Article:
Turkish-made drones ‘playing huge role in Ukraine,’ says senior NATO official
Turkish-made drones used by Ukraine on the battlefield are “playing a huge role in Ukraine,” according to David van Weel, NATO’s assistant secretary general for emerging security challenges.
Van Weel told Anadolu Agency (AA) in an exclusive interview that Türkiye’s drone industry “is a very good example of the very vibrant innovation system.”
“It is a good example of what innovation can do in modern-day warfare. The ongoing war in Ukraine demonstrates what the future of warfare looks like,” the senior NATO official said.
Ukraine have been using unmanned combat aerial vehicles (UCAVs), namely Bayraktar TB2s made by the Turkish company Baykar, since the beginning of the war to hunt down Russian military gear from howitzers to air defense systems. Such use of drones with smart ammunition, with possible electronic warfare (EW) assistance was seen before on the battlefield in Syria, Libya and Karabakh in Azerbaijan.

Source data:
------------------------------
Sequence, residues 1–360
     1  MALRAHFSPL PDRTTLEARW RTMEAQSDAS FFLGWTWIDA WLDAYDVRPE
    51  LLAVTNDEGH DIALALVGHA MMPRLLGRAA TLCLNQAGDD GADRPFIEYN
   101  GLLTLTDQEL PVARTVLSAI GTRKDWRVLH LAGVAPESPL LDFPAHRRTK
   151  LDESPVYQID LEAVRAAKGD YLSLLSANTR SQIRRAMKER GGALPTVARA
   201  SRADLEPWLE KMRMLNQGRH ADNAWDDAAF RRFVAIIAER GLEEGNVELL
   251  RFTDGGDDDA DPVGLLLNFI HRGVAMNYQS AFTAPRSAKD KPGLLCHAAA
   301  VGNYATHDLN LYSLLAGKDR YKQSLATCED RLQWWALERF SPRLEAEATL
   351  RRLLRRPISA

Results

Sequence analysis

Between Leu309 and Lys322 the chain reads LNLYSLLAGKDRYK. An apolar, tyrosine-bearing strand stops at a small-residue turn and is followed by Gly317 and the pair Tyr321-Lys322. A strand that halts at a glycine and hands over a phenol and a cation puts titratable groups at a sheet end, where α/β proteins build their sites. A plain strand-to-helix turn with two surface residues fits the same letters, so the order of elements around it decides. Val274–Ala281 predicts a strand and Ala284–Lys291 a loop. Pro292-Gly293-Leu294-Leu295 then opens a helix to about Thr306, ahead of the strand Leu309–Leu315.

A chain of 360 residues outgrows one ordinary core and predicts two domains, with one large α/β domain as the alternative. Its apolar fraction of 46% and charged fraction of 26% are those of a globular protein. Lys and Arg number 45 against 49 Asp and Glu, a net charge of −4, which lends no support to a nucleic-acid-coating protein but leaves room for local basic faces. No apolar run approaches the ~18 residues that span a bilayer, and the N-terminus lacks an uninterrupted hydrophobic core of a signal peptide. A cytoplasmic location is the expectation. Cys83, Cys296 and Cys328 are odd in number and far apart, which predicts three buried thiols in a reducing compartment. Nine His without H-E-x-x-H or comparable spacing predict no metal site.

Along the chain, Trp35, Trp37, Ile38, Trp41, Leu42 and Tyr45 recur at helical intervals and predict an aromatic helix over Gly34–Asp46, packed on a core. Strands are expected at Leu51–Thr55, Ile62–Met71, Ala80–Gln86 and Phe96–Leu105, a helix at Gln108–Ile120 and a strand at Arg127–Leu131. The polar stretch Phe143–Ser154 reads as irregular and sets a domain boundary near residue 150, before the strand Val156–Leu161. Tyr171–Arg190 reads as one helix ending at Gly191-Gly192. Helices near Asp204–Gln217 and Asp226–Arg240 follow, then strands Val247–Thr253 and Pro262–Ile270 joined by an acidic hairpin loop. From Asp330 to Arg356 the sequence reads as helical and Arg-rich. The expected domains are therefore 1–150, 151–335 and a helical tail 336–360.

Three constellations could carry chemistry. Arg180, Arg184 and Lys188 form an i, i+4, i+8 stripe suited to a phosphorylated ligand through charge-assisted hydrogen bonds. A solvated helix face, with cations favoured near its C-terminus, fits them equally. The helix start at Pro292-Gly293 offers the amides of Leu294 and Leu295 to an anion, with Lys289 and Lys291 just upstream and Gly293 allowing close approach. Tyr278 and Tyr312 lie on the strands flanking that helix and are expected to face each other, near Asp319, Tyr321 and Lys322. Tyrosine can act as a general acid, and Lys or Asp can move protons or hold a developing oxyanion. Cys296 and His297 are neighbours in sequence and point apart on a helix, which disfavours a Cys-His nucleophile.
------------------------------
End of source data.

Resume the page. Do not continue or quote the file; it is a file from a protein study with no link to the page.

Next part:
Some analysts also suggested that Bayraktar TB2s may have even played a role in the sinking of the Moskva cruiser, a key part of Moscow’s fleet in the Black Sea. The TB2 has been hugely popular in Ukraine and it even became the subject of a patriotic expletive-strewn hit song in the country that mocked Russian troops, with the chorus “Bayraktar, Bayraktar.”
van Weel, meanwhile went on to say that although conventional arms, including tanks and artillery, and tactics like digging trenches have been widely used on the battlefield, modern technologies provided to Ukraine by the alliance since 2014 have played a key role in boosting Kyiv’s resilience against Moscow.
When the war in Ukraine began on Feb. 24, Russian attacks were not limited to tangible targets, said van Weel, underlining that Moscow also struck the country’s cyberspace. Aid by NATO, as well as private tech companies, enabled Kyiv to repel Russian endeavors, he added.
van Weel noted that artificial intelligence (AI) also bolstered Ukrainian response to attacks by pinpointing the location and intentions of Russian troops. He underscored that NATO possesses the most developed innovation ecosystem, which incorporates some of the best universities and technology companies in the world. “What is important is translating their potential and technologies into military use,” said van Weel, adding that this has been one of the alliance’s priorities.